The Chief said the Service and the Toronto Police Services Board embrace this opportunity to eliminate discrimination.
“In implementing a policy as a first measure, the Service is committed to collecting and analyzing data, not only in relation to incidents where officers use reportable force in the performance of their duties, but we are committed to doing the same with strip searches,” he said. “With the release of the initial results of this report and ongoing work, we recognize that today will be a difficult day for many within the Service and within the communities we serve.
“It is difficult for the Toronto Police Service because our own analysis of our data from 2020 discloses that there is systemic discrimination in our policing in these areas. That is that there is a disproportionate impact experienced by racialized people and, particularly those from Black communities when there is a use-of-force interaction with the Toronto Police Service.”
As challenging as it is for Ramer and other Command members to come to terms with the data, the Chief said he recognizes it is even more difficult for members of Toronto Black communities who have been saying for years that that they have been over-policed.
“I want our communities to know that I am listening,” he said. “I also acknowledge the impact that systemic bias has on Indigenous communities in Toronto. We know that their specific experience and the history of policing that is so intertwined with that experience has left our organization less trusting by members of Indigenous communities. We are not seen as the true partner for community safety that we are and want to be. We know that this is a role that must be earned.”
The Service has identified 38 actions to address the use-of-force and strip searches outcomes that can be found on the Race-Based Data Collection webpage.
“This is just the start of our work,” said Ramer. “Over time, we will collect race-based data arising out of other types of actions so that we can learn more and take the same approach to those interactions. That is determining if there are disparities, work with our community partners to understand why and to identify concrete actions to correct any wrongs. We have gone, and will continue to go, beyond our mandated scope of work out of a sincere desire to understand the extent to which systemic racism has led to deferential treatment by our Service. We could not fix what we could not measure.”
Speaking directly to Service members, the Chief said the data analysis addresses systemic racism and not individual acts of racism.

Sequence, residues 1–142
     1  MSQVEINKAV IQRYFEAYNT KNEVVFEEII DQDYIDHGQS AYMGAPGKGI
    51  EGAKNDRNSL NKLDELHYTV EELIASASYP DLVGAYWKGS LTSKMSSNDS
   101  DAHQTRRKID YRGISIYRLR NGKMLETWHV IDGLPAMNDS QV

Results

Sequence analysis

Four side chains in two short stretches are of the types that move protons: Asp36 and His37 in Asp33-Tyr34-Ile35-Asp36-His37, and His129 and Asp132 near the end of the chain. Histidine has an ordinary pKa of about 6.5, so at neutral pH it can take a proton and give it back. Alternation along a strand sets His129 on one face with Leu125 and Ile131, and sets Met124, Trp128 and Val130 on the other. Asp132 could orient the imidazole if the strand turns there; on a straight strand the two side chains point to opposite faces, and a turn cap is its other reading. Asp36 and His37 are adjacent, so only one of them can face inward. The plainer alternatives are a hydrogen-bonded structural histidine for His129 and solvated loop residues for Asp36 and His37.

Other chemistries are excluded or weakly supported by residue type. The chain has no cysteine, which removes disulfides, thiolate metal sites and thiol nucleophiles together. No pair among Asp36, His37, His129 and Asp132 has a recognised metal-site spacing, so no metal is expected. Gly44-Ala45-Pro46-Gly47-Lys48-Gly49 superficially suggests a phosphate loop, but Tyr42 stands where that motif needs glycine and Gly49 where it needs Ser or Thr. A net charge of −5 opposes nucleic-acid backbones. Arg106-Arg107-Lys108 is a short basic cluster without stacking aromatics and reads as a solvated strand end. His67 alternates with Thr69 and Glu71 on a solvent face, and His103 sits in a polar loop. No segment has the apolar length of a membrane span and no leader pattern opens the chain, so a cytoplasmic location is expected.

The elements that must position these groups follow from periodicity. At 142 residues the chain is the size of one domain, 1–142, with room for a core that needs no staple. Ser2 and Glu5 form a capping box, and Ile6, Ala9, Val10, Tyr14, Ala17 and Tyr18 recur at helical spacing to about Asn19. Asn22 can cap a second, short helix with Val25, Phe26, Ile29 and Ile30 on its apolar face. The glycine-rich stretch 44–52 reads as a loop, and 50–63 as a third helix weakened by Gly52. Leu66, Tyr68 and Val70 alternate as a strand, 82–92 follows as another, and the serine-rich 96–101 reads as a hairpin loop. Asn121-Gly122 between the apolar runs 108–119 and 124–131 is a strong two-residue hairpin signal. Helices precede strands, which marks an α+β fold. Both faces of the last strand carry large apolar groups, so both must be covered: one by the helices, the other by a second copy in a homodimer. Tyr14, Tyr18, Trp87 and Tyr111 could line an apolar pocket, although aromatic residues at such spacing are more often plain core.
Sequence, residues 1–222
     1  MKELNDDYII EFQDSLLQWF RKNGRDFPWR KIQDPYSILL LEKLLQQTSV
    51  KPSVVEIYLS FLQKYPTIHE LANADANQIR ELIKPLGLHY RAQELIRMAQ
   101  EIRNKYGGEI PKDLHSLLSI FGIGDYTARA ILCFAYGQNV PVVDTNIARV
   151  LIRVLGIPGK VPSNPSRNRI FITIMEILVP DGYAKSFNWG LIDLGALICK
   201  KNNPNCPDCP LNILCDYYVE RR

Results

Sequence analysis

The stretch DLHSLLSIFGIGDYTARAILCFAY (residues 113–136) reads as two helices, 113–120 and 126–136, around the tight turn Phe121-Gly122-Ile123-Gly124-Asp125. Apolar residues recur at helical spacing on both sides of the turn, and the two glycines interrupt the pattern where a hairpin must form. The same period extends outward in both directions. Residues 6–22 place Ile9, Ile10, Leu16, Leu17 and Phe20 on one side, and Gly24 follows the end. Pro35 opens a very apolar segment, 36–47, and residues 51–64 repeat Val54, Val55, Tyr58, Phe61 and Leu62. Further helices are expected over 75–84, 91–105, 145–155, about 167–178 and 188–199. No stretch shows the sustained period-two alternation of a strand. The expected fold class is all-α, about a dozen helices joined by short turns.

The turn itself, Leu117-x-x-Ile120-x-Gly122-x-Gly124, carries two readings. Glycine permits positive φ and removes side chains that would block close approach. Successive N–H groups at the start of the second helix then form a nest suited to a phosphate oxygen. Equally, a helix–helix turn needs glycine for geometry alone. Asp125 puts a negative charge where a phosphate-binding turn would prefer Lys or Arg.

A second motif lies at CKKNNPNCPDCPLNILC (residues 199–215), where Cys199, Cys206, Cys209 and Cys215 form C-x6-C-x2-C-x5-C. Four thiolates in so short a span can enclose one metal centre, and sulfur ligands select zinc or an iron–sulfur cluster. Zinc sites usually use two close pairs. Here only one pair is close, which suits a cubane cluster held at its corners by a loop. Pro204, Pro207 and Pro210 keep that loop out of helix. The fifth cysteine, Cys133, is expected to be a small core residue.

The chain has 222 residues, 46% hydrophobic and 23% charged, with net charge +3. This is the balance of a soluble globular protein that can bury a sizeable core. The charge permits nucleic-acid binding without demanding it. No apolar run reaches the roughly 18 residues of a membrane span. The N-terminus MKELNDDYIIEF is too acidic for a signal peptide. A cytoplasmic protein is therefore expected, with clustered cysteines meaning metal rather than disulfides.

“This data analysis demonstrates that we have not done enough as an organization to combat the systemic underpinning that can then help you to do your work free of bias so as to instill trust in all the communities we are sworn to serve and protect,” he said. “I want you to know that this is an organizational shortcoming and it does not speak to your actions as individual police officers and civilian members.
“Each member of the organization should find the information released today difficult and uncomfortable. It may in fact lead you to reflect on your role in policing and understandably so. That said, I believe our membership has never been more committed to aggressive and inclusive change at all ranks and positions, both sworn and civilian. Together, with the support of the Board, let us use this as a watershed moment to redouble our efforts to eradicate racism in all its forms. You are uniquely positioned to help this Service implement the changes needed.”
The Service consulted with community representatives throughout the process.
Comprising 12 residents from Black, Indigenous and other racialized communities and youth representatives from varying backgrounds, the RBDC Community Advisory Panel was formed to help define the Service’s approach and guide its work.
“I want to thank and acknowledge the engagement and contribution of our community consultative groups, including the RBDC Community Advisory Panel, the Police and Community Engagement Review Committee, the Board’s Anti-Racism Advisory Panel and the Association of Black Law Enforcers,” added Ramer. “You have held us to account and we thank you for your candour and commitment to continue to help us address this multifaceted issue. We would also like to recognize our collaboration with the Ontario Human Rights Commission in their ongoing inquiry into systemic racism in policing in Toronto.”
Expert analysts within the Service’s Equity, Inclusion and Human Rights Unit, led the RBDC Strategy work that was overseen by Command members, including the Chief Information officer and a Deputy Chief.